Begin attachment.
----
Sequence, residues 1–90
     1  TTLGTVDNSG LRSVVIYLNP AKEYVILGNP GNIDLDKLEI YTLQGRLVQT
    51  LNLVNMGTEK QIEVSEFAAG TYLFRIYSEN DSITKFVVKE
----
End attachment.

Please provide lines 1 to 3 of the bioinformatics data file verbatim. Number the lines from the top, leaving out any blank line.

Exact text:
Sequence, residues 1–90
     1  TTLGTVDNSG LRSVVIYLNP AKEYVILGNP GNIDLDKLEI YTLQGRLVQT
    51  LNLVNMGTEK QIEVSEFAAG TYLFRIYSEN DSITKFVVKE